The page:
Second Reformed Church

Monday, March 02, 2015

Review: "Father Hunger"

Do fathers really matter?  Douglas Wilson points his readers to the baptism of Jesus and the proclamation of God the Father loving His Son as being the archetypal portrait of the need for fathers (1) – both for families to have fathers and for men to responsibly be father to their families.

Wilson, in his, Father Hunger:  Why God Calls Men to Love and Lead Their Families, takes his readers on a thought-provoking look at the call of being a father – beginning – as noted, with the archetypal Father being God.

In the second chapter, Wilson argues that men and women are different, and he takes a complementarian position about men and women – not denying their equality as bearers of the Image of God, but denying egalitarianism, which denies the necessary and good differences between men and women – denying that a man and a women can only come together to be a while and take on the responsibilities of father and mother.

In chapter three, he turns to Jonathan Edwards to show the connection between rightly worshipping God the Father and having a right view of the authority of the human father.

In the fourth, he makes the point that the Scripture’s calling God a masculine being has nothing to do with genitalia, but with the role, authority, and responsibility of a father – which is different from that of a mother (38).  He defines masculinity as “the glad assumption of sacrificial responsibility” (41).

He argues that the analogy and knowledge of God comes through seeing that Image portrayed in the human father, and it is the lack of human fathers which has bolstered the growth of atheism (53).

In chapter six, he looks at education being the desire to be like someone else.  And he ties the Lordship of Christ to the father’s educating of the children.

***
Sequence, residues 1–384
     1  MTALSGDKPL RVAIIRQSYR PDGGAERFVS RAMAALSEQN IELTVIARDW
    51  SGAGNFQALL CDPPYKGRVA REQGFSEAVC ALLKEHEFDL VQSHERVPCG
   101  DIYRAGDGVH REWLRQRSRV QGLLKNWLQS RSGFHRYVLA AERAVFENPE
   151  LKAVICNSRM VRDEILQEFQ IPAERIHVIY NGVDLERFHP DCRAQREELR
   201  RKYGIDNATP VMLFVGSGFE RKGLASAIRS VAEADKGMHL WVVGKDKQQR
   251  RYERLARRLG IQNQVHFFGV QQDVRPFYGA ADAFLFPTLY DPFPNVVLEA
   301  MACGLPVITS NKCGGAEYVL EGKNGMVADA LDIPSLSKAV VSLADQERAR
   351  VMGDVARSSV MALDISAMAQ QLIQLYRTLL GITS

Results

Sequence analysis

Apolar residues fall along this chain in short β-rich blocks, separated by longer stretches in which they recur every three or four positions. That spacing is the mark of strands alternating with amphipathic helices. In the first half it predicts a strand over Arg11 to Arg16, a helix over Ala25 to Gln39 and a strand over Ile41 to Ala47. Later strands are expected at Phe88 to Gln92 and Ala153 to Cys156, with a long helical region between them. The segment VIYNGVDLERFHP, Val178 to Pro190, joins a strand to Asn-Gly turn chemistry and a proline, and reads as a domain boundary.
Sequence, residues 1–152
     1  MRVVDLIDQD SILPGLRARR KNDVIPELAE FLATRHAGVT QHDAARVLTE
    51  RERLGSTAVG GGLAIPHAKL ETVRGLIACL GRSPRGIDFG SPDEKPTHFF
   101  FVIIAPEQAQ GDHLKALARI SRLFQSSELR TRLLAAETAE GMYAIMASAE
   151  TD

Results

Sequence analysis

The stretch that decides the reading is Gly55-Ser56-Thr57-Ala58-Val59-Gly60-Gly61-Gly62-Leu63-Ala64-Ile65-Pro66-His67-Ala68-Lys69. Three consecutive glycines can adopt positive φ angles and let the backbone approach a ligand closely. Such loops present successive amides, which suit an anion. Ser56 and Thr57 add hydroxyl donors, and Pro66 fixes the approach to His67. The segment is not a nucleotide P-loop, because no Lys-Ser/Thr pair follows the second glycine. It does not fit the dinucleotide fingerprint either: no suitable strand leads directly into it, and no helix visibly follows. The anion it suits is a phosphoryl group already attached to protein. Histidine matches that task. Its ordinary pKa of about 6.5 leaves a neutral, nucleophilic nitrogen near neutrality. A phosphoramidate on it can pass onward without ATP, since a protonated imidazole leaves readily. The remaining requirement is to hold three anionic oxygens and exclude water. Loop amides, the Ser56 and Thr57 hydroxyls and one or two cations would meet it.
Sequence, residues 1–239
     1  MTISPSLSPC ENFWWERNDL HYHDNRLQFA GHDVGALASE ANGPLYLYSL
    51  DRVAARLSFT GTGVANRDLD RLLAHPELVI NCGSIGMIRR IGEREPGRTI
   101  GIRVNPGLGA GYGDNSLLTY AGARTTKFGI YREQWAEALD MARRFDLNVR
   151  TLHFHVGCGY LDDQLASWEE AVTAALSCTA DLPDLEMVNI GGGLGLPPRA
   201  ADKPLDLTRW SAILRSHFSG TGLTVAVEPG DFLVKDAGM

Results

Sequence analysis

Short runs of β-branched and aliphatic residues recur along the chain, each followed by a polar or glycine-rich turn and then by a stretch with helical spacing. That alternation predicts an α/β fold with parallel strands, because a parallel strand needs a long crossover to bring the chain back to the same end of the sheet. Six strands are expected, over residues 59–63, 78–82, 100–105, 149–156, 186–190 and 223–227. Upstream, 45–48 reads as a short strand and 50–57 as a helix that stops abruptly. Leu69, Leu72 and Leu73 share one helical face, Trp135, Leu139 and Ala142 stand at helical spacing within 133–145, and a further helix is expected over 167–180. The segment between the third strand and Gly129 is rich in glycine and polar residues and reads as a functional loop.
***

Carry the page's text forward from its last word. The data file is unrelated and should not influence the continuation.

In the seventh chapter, he argues that statism is set-up to sponsor absentee fatherism, and Christians must put the will of the state under the will of God.

He turns to economics in the eighth chapter, turning the reader away from what he calls “crapitalism” (92) to the biblical view that all forms of work are given as calls by God – “church” work is not a higher or better call than the milk-maid – and the father rightly shows how work is done by working heartily and in pursuit of excellence, not merely to please the boss, but the glorify God and to thank Him.

In the ninth, he looks at marriage, sexual sin, and joining gangs in search of a father.

In the tenth, he shows that those who hold church office must be men – fathers (normally) – who meet the standards of the Scriptural call.  These are the “fathers of the church” who bear the Image of God the Father to the flock.

In the eleventh chapter, he looks at the doctrine of creation and shows that believing the biblical account of Creation is necessary to understand value.  He bears this up by examining the Eucharistic connection between the elements and the staid provision of a father.

In chapter twelve, he argues for the normalcy of men being fruitful in – and only in marriage.  And he discusses the failure of pornography and adultery on the basis of incapacitating fruitfulness.

In the thirteenth chapter, he stresses the father requiring obedience of the children and the necessity of the father being an exemplar of obedience to his children for them to respond rightly.  He draws in themes of accountability and the real portrayal of what it means to be content in Christ.

The fourteenth chapter examines the evangelical (in particular) problem of forgetting God the Father – evangelicals stress salvation in Jesus Alone and sanctification by the Spirit, but the Father is relegated to the corner.  He argues the Father must be brought forward in the Trinity, showing that the Fathers chief purpose – as with the Son and the Spirit – is to be glorified (191).  In this, the Father is known – and Wilson spends several pages going over Scripture about the Father.

In the final chapter, Wilson warns that fathers must not abandon their responsibilities, nor cling to them as a legal document, but live them out in relation to the worship of God the Father as exemplifying this to his children (200-1).

Each chapter ends with a brief series of question to continue reflection on the main issues of the chapter.

The book has an appendix which statistically looks at the economic loss caused by delinquent fathers.

The book ends with a bibliography and a recommended reading list.

I have read a number of Wilson’s books, and I was very impressed with his tying the responsibility and role of the father in the family to that of the knowledge and worship of God the Father.  I highly recommend this book and will likely give it to newly married men and new fathers to help them being the fathers God has called them to be.

[I received this book free for an honest review from Tyndale Publishing.  This review appears on my blog and]  #FatherHunger

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